Leonard’s literalism when answering journalists’ questions can create hilarious moments. Some are unintentional; others are deliberate. Every now and then, after he responds to a question in a way that exposes the absurdist theater he’s contractually obligated to participate in, the barest hint of a smile creeps through to let us realize Leonard knows exactly what he’s doing most of the time. He manages the interrogations too well not to. It’s always the person who asked a question lacking substance who comes out on the losing end of the exchanges. Leonard never berates or humiliates anyone or shows frustration, though. He’s professional, humble, and always, always even-tempered. Leonard’s steadiness is how he expresses his iron will.
This post-season was the first time Leonard was the solo superstar leading a team, and, as the Raptors got deeper into the playoffs, he was forced into speaking to the media more than he had in the past. I enjoyed his media sessions. They weren’t precisely entertaining, but Leonard has a watchable quality and a pleasing, deep speaking voice that, combined with his unruffled demeanor, is soothing to listen to. Leonard exudes an almost monastic simplicity, and his responses reflect profound self-awareness and a mature perspective and outlook on life. When he discusses some of the immense difficulty he’s had to overcome in his personal and professional lives, he is also motivational without the schmaltzy oiliness that often accompanies it. He is honest but diplomatic, unpretentious but never self-effacing. He’s a real one, and it comes through. It all makes Leonard unexpectedly riveting television.
Authenticity. Genuineness that hasn’t been curated for Instagram. It’s rare to see. It’s refreshing. As is the mystique Leonard’s retiring lifestyle has generated around him. We don’t know much about him. He likes it that way. I think we do too. It’s nice to have the distance to wonder. It’s nice to see someone actually be different because they are and not because they’ve concocted some elaborate, phony persona. Leonard leaving the coolness of Nike and Michael Jordan’s Jumpman brand for New Balance and their late afternoon walking shoes exemplifies his separateness from the pack. Think about it: Leonard folded up a good portion of the most formidable basketball talent on the planet while wearing New Balances. Some sort of singularity may have been achieved.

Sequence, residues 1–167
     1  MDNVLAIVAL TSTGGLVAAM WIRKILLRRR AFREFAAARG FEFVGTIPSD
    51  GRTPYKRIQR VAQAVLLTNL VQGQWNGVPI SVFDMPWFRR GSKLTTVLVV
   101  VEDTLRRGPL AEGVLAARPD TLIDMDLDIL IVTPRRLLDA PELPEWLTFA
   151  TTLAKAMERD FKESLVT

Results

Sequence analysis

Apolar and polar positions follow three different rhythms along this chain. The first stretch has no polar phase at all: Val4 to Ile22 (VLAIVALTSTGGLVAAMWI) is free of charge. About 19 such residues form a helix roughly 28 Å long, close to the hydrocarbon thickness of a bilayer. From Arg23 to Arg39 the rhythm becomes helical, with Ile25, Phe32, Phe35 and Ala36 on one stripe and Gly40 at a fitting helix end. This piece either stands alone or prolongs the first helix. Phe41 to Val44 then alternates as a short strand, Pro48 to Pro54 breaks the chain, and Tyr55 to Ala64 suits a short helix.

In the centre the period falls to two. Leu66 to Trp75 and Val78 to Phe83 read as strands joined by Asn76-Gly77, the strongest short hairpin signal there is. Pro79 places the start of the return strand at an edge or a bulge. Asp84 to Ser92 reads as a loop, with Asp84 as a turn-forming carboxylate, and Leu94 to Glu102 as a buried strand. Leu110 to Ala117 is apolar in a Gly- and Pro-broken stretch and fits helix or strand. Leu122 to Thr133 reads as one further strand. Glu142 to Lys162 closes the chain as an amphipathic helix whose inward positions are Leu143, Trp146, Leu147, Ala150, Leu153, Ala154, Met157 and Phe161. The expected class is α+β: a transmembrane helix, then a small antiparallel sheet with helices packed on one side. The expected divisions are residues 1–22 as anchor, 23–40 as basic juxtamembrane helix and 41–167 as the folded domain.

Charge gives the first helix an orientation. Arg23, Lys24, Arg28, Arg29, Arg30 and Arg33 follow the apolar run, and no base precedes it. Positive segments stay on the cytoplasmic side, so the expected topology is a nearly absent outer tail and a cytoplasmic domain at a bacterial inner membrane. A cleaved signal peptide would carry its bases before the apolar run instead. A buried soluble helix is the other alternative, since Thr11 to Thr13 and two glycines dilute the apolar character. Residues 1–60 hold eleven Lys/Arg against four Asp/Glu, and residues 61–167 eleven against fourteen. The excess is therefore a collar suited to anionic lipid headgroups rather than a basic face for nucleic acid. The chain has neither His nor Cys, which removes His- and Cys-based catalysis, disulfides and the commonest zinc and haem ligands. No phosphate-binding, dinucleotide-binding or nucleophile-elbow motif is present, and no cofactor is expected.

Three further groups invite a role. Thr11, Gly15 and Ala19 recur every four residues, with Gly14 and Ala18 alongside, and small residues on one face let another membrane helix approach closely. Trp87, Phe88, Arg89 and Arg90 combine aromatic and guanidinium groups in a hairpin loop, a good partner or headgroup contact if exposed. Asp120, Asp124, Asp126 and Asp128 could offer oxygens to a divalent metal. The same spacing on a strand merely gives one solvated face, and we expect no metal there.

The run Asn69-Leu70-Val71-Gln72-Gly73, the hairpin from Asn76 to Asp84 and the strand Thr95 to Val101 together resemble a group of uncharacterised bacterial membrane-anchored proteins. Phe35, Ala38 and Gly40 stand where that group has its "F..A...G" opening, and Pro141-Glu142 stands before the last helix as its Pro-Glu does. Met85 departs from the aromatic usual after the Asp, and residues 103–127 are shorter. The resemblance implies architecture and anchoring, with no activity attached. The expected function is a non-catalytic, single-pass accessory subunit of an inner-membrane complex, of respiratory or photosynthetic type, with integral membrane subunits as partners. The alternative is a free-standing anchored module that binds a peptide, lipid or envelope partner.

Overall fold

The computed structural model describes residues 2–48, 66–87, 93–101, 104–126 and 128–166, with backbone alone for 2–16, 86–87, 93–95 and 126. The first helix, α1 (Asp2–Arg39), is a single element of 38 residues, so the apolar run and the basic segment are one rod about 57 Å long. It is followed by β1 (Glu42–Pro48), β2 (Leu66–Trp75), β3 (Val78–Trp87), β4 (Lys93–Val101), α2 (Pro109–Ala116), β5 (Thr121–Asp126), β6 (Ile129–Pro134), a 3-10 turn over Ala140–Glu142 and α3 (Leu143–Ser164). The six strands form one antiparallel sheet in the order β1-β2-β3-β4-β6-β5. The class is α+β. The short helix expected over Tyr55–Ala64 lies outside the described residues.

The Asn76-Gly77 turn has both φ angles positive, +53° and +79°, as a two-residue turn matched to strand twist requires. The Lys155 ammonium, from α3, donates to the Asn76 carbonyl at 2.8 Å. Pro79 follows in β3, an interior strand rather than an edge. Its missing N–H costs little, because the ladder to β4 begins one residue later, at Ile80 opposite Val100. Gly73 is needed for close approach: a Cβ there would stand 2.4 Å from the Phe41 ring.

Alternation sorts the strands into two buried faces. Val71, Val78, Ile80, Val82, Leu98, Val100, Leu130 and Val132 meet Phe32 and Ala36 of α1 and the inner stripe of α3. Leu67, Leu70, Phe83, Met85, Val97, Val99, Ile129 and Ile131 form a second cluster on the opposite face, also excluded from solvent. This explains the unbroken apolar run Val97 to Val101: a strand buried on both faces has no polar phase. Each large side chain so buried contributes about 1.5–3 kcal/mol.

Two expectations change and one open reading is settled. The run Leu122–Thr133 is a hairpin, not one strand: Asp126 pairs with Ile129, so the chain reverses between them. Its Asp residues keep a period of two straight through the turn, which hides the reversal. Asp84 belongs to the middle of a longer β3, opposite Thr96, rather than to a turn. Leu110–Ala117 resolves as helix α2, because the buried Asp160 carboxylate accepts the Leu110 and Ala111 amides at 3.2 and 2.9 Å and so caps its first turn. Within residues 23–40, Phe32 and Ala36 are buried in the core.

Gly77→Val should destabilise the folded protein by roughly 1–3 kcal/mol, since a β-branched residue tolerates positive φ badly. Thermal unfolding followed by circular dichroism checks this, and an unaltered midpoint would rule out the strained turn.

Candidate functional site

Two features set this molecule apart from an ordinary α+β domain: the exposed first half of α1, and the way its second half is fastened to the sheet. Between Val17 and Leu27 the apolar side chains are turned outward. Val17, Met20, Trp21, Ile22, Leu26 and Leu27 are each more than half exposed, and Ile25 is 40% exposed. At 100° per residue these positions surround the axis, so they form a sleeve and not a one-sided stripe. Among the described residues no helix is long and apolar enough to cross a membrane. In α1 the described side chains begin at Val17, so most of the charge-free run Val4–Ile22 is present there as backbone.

Leonard came out of his shell while celebrating the Raptors’ victory with his teammates and showed more emotion than we’ve seen from him. He was open, smiling, and laughing in his post-game interviews. What a good teammate and leader he is really came through. I wonder if that looser version of him will persist, or if he’ll button things up again when he gets back to business next season. It’s unclear what pending free agency will bring for Leonard. He’s become a folk hero in Canada, and nearly anyone else would stay to soak up the adoration of a grateful nation. Leonard isn’t everyone else, though. Wherever Leonard ends up and whatever happens next, I believe he’ll continue to excel and create more great art.